MacEdition Logo

MacEdition Pro News : March 17, 2003

Feedback Farm

Have something to say about this article? Let us know below and your post might be the Post of the Month! Please read our Official Rules and Sponsor List.


Want to dig even deeper? Post to the new MacEdition Forums!

Your stuff in print and photos

by MacEdition Staff (feedback)

In this issue

Feather in its cap

Extensis landed itself a neat little deal with Printable Technologies Inc. that will see the online print services company use PrintReady as the basis for its online file transfer and preflighting service.

“It is essential to e-business in the printing industry that it be very easy for print buyers to send files for production, and essential for printers to have as early a warning as possible of any problems with those files,” said Joe Fedor, product manager for Printable Technologies. “With PrintReady powering both PrintFlight and our standard file transfers, we’re able to provide both incredibly easy file transfer to print buyers and robust preflighting capabilities to printers.”

While the print service gets a well known tool that is already the weapon of choice for groups like the Associated Press, HarperCollins, Primedia and others, Extensis sees the deal as a stepping stone in getting smaller print firms to use the software as the foundation of their online services.

Stepping into the arena

Old ink-stained wretches of the print business who can easily recall the days when desktop publishers all brought their work in on SyQuest disks might marvel at the world of prepress today.

For those printers still locked in the days when Quark 3.1, Illustrator 5 and Photoshop 2.5 were top of the pops, there’s a company that will give you a month-long run at doing business the new way.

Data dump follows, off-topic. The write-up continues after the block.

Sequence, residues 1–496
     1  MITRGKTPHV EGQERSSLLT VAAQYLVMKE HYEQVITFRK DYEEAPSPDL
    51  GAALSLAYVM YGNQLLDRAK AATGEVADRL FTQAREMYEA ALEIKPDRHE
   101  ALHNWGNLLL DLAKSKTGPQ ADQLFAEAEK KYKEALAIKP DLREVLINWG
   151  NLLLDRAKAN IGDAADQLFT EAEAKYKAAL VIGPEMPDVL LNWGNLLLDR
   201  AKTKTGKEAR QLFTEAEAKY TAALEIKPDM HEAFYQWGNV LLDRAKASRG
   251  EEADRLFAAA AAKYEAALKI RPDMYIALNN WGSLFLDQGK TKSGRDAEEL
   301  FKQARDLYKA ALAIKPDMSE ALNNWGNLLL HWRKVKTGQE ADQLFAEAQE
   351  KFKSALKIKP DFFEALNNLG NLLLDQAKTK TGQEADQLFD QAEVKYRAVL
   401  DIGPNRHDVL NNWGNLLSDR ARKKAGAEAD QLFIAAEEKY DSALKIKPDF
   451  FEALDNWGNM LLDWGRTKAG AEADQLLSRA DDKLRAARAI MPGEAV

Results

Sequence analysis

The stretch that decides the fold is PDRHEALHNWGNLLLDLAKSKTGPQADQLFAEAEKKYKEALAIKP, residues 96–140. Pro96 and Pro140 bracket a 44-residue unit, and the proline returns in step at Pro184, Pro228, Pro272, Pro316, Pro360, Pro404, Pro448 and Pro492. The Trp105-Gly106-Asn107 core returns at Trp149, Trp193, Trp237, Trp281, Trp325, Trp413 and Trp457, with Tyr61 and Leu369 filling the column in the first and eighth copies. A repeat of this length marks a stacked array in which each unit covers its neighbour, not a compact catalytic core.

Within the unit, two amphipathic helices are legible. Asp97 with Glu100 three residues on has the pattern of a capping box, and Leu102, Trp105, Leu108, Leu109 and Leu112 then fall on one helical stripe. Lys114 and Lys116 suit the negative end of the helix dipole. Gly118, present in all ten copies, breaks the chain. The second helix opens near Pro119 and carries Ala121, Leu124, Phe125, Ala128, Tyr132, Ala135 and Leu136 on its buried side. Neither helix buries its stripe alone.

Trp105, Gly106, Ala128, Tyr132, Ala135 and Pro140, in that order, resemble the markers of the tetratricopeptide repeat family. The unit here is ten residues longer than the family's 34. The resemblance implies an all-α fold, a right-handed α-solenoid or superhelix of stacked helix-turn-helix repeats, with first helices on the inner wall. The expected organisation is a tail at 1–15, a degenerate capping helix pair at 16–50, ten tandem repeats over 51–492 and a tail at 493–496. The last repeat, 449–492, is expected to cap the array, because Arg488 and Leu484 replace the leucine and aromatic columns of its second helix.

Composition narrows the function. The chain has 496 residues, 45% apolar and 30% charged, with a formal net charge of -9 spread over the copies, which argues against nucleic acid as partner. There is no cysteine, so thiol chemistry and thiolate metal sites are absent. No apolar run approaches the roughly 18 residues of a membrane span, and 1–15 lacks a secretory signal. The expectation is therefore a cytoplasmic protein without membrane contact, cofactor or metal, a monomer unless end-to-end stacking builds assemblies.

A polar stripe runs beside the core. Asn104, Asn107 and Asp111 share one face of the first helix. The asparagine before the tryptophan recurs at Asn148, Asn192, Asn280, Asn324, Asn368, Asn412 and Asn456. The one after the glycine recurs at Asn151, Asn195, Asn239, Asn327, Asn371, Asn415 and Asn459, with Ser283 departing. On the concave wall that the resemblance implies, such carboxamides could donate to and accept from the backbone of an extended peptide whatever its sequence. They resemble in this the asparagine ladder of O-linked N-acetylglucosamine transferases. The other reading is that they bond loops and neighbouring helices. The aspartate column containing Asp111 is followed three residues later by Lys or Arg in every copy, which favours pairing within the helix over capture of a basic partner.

FilesDirect provides registrants with server space to which their clients can upload files rather than bringing the work to the shop. The service also will fire off a couple of emails to alert the recipients when files are delivered.

The design revolves around the idea that clients and contractors must be able to send and receive files easily without the hassles of logging in with an account. Only the organization will require an account with FilesDirect.

When an organization signs up with FilesDirect, the system generates a Web page specifically for that organization to send and receive files. When clients and contractors want to send files, they simply visit this Web page, select their files to send, and click “Send”. The files will be stored on the FilesDirect server and are accessible only by the organization.

FilesDirect automatically sends two emails: a confirmation to the sender and a notification to the receiver. The organization logs into its account and downloads the files as needed. These files are only removed from the server when the organization chooses to do so.

Regular rates for the service start at US$18 for 150MB worth of transfers and run up to US$200 per month for 10GB of files.

My art 4 sale

Independent photographers looking for a way to generate revenue from their work might want to take a look at a new service being launched by Shutterfly.

The online print order business is now setting up a service where a photographer can post her work and have people order prints without having to become a Net-connected guru or worry about payment processing.